Hi y’all! Just as we promised, here is Part II of our cultural notes– this time all the way from Buenos Aires, Argentina. I must admit these are less cultural notes and more “hey here are some quirky things I’ve observed, and by quirky i mean… you probably can’t find this in America :)”
1. Walk down the street and you will find… pigeons. and poop (there is a serious dog-walking culture in BA.) Oh, ok, and choripan (a type of food) vendors. Oh and you’ll probably hear some bells ringing around you at some point– if you do, MOVEEE… you’re in front of a garage and a car is about to come right at you! (Unfortunately, I must report that I’ve learned this the hard way!) Gotta love the city!
2. So you (think you) speak Spanish? Just remember that there is no tú (you) here, it’s ‘vos’. As my supervisor says, sometimes you just have to ‘argentizar’ things. Also don’t be surprised if just about every email you receive or phone call you finish ends with “Un beso! Un besito! Chau!” Yes, kisses for everyone :) Likewise, don’t be surprised if you get kissed (on the cheeks, of course!) when you greet just about anyone. No handshakes here!
3. Sometimes I feel like… Justin Beiber is just so much MORE popular here. But how can that be? (Granted, I am living with two hormonal adolescent teens, so judge as you will :) Still, it’s striking just how much the movie/music scene here is very much American. Hello there, Hollywood!
4. GAP sweatshirts are a thing here. Argentina might single-handedly be saving the once not so economically-healthy store!
5. Buy a bottle of ‘gaseosa’ (soda– good name right?) and you get a STRAW– why oh why does this not happen in the US of A?
6. Old-style elevators. And by this I mean you open a door and push back a venetian-like fold divider and wahlah– an elevator! There’s something just a little old-school about them :) Of course I wouldn’t know… the first day I got here my family told me their last host stay student got stuck in the elevator. Helloooo staircase.
7. But the stairs just can’t save you from the food. Argentines like their meat– steak specifically. And have ice cream to die for (I’m sorry, I’m sure I’ve mentioned this before ;) Dulce de leche is the equivalent of butter here and meriendas (snack time is the worst translation but the only one I can think of at the moment…) happen everyday in the afternoon. Of course it’s pretty much a necessity seeing as Argentines don’t eat dinner till 9 pm or after…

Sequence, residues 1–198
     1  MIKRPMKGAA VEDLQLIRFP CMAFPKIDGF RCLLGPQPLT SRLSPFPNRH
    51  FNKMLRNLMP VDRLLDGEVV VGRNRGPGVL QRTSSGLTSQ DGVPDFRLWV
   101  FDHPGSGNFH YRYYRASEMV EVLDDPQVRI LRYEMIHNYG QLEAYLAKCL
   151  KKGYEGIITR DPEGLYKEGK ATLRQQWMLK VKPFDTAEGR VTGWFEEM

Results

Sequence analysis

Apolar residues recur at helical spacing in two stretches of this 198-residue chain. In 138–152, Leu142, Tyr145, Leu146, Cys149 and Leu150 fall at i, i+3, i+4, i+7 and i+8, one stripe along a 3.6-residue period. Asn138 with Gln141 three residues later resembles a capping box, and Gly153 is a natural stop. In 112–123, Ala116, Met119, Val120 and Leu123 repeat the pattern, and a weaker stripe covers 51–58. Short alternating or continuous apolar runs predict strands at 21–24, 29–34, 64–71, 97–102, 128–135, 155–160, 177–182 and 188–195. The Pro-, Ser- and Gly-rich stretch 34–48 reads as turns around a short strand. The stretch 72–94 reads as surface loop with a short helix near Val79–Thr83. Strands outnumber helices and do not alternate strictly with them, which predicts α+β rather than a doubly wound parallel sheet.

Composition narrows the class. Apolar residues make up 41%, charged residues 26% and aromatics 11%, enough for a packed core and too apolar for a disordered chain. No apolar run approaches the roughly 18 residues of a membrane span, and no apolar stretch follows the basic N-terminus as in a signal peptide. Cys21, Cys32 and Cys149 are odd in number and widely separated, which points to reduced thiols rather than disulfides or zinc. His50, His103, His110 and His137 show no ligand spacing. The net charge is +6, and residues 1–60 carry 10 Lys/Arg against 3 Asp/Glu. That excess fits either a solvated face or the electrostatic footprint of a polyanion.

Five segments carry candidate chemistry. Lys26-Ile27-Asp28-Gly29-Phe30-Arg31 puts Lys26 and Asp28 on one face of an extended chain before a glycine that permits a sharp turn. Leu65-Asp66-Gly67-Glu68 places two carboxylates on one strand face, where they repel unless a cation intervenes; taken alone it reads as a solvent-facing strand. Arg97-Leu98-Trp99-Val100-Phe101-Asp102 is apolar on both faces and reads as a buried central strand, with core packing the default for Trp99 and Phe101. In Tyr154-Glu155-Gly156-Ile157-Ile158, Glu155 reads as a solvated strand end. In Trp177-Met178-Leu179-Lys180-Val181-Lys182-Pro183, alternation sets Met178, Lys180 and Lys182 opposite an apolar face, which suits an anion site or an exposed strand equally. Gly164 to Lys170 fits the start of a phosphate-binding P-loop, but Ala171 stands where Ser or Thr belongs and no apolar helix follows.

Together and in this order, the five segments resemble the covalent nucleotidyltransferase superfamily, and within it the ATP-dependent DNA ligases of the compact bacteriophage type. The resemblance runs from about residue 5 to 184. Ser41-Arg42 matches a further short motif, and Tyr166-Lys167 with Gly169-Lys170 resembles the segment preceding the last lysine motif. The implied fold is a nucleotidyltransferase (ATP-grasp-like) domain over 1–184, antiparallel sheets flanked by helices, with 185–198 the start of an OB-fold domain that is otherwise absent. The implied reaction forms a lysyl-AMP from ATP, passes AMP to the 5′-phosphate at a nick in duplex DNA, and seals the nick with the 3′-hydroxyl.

8. On Sunday, you sleep. Ok so this a no-brainer, but it’s important to know that if you wander into BA on Sunday morning (let’s say before 10 am because you’re an early bird like me), you will see… that’s right… NO ONE.
9. BA is pretty well known for it’s night life– and what I really should say is morning life since you go to a bar (to drink, if you prefer) at midnight and THEN go to the boliche [club] to dance… and get home at around, well, 6/7/8 in the morning. Hence why the city is dead Sunday morning!
10. Eating fruits with knives (by that I mean cutting your apple, orange, etc. with a knife and eating it like a civilized human being) is a thing here. My homestay sister actually got mad at her younger sister for eating her apple by hand. So, my dear americans, resist the urge to eat that darn apple like a savage.
*Note this may be a family-specific observation, still this definitely is more common here…
11. TOMS were inspired by Argentina. Who would’ve thunk it? The story goes that the founder– Blake Mycoski–came here in 2006 and was touched by the sight of so many children growing up barefoot. So he created this shoe– inspired by the Argentine gaucho shoes– and started his one-for-one movement. Of course, you can get a pair of the ‘real’ TOMS here for about 40 pesos, right around $10… go figure.
12. There are A LOT of different cultures here in BA. Chinese, Japanase, Armenian. But brown people? Not so much. And yes, I was greeted on the street with a very well-intended ‘NAMASTE.’ Sorry, I’m not from India. A brown face in a very white place? What can I say?
13. GUARD YOUR MONEDAS [COINS]!! Never will you ever appreciate the sound of all those worthless coins clunking around in your wallet. Here, you need them to use the buses. Problem, there’s currently a shortage of them. Yeah, guard those babies with your lyffeeee!
14. PEOPLE. People are sooooo nice here. And boy are Argentines passionate and expressive. Talk to them, you won’t regret it!
That’s all that I can remember for now– I’ll probably be back with some more soon! Something about all the little things here that are different always fascinates me and I hope you might be a little intrigued yourself. I mean to Argentines, we Americans are probably pretty weird, right? Ok, maybe I’m just speaking for myself :)
Till next time, UN BESO GRANDE! – Inesha